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I regularly get phone calls and/or emails from potential clients wanting to know the difference between SSDI and SSI – although both are federal programs that provide assistance for those who are disabled, it is important to know the different eligibility requirements.

The SSI (Supplemental Security Income) program is funded by general tax revenues and pays benefits to people with disabilities who have limited income and assets, and is based on a person’s financial need. The SSDI (Social Security Disability Insurance) program is financed by the Social Security tax. Any person that qualifies as disabled according to the definition provided by Social Security Administration (SSA), and who has paid Social Security taxes long enough to achieve sufficient work credits, can qualify for SSDI.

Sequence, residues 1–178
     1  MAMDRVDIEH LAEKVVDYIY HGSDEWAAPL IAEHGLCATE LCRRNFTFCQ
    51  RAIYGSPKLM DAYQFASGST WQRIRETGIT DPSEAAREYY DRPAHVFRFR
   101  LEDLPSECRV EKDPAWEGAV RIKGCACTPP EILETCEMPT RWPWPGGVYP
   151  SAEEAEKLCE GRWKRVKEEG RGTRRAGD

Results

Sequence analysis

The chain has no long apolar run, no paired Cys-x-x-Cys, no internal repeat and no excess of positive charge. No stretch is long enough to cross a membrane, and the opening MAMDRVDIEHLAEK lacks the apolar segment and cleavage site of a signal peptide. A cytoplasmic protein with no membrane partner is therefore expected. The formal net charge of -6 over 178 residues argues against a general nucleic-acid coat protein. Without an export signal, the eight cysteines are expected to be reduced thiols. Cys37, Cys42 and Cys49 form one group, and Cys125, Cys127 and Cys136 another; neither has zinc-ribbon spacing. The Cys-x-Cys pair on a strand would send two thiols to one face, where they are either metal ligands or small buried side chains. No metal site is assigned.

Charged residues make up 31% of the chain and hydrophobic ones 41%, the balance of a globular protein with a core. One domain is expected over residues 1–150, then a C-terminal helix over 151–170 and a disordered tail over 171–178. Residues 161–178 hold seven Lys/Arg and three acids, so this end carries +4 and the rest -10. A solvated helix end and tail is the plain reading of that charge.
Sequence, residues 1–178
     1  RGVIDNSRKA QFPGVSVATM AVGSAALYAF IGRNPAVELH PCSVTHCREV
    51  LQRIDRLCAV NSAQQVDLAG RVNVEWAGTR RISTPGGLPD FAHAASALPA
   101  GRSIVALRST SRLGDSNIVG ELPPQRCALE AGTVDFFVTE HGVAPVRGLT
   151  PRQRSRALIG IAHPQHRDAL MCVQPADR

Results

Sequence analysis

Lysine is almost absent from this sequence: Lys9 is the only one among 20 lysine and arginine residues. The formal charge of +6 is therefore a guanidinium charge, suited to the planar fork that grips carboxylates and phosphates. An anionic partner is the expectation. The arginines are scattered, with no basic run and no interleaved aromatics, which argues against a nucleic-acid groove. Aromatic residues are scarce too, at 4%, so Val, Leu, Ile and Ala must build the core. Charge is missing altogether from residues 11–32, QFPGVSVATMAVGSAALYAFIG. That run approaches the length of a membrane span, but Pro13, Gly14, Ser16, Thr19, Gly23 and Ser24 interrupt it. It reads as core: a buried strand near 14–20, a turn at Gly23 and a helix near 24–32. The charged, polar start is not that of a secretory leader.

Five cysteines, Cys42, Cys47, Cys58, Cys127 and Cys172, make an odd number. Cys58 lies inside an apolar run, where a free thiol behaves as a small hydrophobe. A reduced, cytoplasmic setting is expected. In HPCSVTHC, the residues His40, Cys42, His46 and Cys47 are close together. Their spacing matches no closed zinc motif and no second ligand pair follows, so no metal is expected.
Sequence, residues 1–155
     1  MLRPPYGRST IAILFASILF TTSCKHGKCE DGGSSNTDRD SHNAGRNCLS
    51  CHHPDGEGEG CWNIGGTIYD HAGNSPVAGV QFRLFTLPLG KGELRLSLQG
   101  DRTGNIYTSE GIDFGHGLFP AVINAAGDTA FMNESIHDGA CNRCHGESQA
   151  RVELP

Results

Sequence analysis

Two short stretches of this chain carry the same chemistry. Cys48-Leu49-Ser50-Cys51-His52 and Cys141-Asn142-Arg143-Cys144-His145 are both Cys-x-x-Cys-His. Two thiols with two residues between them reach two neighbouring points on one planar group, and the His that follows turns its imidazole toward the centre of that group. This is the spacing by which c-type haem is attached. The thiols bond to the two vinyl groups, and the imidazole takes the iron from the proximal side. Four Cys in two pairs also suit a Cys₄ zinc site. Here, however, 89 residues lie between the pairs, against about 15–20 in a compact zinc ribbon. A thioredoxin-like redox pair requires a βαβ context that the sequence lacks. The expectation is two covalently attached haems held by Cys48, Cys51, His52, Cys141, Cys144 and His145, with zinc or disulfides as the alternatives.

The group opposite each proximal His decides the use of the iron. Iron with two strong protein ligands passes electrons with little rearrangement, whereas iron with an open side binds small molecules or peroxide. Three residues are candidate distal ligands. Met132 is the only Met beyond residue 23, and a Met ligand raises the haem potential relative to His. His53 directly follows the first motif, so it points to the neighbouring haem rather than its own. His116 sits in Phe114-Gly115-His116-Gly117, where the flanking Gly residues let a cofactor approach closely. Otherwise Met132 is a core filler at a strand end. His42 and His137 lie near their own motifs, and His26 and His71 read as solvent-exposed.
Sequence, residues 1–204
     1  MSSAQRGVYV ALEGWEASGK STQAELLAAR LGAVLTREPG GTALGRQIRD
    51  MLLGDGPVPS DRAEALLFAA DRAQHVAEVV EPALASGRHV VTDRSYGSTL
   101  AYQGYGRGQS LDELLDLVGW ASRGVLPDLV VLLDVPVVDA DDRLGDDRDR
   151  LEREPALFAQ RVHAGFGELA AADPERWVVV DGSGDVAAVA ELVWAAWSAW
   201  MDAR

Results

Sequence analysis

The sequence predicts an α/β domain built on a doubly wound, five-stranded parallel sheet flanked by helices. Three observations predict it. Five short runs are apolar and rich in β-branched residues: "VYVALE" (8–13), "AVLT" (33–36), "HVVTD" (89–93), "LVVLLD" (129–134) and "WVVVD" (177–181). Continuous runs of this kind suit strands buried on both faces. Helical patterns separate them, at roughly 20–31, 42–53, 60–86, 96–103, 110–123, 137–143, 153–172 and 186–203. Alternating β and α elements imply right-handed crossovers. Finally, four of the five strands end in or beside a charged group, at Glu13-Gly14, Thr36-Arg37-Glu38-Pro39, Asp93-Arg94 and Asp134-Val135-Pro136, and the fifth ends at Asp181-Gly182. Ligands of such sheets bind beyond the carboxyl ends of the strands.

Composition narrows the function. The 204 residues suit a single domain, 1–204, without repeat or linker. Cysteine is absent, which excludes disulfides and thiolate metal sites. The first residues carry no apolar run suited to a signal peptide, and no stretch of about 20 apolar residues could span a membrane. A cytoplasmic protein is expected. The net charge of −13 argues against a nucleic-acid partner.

SSI and SSDI aren’t easily obtained. Applications are commonly rejected due to errors or insufficient information and missed deadlines. If you believe you meet qualifications for either program it is best to speak with a disability attorney regarding the best program fit for you.